The Web is the Worst Place to Grieve
You might fantasize about your funeral. Will your ex-boyfriend finally realize just how much of an idiot he was and sob by your casket? Will old friends — from as far back kindergarten — come to pay respects? What is it they will say they miss? Your kindness, your laugh, or your cleverness? LiveJournal users, inventive and insecure creatures that they are, have found a way to capture the attention rewarded to the dead without ever crossing over: they commit Internet suicide.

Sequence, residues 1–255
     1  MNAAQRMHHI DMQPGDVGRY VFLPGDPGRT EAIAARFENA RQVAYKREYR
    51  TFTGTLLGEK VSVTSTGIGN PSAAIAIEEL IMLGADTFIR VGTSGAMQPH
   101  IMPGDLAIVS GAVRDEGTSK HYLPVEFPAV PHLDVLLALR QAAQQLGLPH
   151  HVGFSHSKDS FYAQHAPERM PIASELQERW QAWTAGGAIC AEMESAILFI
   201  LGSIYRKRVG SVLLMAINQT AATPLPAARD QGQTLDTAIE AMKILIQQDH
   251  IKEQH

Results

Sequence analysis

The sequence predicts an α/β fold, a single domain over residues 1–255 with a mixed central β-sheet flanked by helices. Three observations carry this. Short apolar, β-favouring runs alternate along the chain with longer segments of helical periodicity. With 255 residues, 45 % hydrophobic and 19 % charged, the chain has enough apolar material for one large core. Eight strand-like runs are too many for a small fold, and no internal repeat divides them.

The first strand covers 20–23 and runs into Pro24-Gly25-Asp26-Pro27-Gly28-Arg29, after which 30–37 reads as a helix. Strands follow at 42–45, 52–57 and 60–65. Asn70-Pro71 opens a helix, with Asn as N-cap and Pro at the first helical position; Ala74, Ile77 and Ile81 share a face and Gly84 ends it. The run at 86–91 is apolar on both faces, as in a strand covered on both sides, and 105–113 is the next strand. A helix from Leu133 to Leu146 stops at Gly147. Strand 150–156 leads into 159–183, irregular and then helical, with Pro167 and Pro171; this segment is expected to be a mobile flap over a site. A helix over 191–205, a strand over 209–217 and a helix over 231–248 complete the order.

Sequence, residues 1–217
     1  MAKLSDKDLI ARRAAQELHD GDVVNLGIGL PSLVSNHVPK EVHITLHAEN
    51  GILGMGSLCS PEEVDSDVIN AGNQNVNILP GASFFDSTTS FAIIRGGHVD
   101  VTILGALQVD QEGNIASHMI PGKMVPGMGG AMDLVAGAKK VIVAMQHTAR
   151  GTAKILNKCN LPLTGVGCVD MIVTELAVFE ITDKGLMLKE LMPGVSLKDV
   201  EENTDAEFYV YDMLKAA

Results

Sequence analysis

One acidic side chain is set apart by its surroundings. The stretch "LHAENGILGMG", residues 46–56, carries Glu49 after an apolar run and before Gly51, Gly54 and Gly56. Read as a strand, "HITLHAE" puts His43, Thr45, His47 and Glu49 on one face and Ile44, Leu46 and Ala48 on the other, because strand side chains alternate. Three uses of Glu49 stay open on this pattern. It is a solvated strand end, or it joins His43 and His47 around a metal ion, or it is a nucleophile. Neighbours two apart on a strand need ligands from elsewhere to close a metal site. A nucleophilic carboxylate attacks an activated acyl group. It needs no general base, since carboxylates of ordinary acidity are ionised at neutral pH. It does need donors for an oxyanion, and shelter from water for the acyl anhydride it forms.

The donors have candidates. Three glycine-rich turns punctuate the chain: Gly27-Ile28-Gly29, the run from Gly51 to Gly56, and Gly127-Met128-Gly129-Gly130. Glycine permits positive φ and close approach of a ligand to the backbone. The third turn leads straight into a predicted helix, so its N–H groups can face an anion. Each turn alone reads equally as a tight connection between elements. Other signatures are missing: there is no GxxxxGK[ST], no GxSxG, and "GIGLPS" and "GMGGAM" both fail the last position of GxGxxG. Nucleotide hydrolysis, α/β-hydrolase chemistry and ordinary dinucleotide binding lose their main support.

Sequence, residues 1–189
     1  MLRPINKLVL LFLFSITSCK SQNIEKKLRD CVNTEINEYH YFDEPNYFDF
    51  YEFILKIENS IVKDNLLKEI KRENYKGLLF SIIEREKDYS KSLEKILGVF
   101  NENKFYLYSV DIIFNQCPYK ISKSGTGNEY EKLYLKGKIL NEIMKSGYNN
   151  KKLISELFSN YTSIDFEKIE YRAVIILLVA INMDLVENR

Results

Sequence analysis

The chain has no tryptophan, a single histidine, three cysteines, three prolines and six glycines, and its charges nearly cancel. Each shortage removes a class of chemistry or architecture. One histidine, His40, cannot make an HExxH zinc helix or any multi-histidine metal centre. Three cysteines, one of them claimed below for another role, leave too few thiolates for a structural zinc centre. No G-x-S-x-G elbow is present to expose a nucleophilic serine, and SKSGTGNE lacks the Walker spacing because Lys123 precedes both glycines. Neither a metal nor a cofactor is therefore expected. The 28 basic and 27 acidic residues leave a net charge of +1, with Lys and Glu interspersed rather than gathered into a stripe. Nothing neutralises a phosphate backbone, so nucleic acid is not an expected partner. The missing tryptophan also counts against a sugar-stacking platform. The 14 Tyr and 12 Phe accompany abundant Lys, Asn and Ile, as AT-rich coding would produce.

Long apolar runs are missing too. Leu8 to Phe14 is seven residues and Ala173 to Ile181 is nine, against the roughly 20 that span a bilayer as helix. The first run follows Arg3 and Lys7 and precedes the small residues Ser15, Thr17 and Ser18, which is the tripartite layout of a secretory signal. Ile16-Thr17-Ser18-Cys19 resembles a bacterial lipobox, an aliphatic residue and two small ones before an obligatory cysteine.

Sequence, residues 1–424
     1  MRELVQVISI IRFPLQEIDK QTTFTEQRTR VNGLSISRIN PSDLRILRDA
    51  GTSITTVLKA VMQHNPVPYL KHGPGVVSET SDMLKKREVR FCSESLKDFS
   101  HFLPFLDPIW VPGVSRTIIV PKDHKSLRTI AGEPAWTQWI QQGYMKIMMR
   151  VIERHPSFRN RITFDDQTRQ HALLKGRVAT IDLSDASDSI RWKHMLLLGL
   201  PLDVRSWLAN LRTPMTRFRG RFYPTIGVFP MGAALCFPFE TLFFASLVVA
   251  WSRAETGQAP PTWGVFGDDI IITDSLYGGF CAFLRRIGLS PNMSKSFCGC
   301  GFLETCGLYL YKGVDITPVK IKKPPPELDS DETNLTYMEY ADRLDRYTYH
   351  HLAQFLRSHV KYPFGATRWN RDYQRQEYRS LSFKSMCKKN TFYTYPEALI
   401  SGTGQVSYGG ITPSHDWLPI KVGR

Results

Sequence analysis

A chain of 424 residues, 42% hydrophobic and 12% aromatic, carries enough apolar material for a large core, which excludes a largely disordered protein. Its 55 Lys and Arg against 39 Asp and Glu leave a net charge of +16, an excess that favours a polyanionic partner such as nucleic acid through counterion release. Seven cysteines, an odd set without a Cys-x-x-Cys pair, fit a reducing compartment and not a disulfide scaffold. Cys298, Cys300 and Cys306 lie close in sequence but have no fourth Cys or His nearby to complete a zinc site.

Neil Gaiman once wrote in The New York Times about a blog of this nature, “She counted down to the big day, and I kept reading, uncertain what to do, if anything. There was not enough identifying information on the Web page even to tell me which continent she lived on. No e-mail address. No way to leave comments. The last message said simply, ‘Tonight.’ I wondered whom I should tell, if anyone, and then I shrugged, and, best as I could, I swallowed the feeling that I had let the world down. And then she started to post again. She says she’s cold and she’s lonely. I think she knows I’m still reading ….”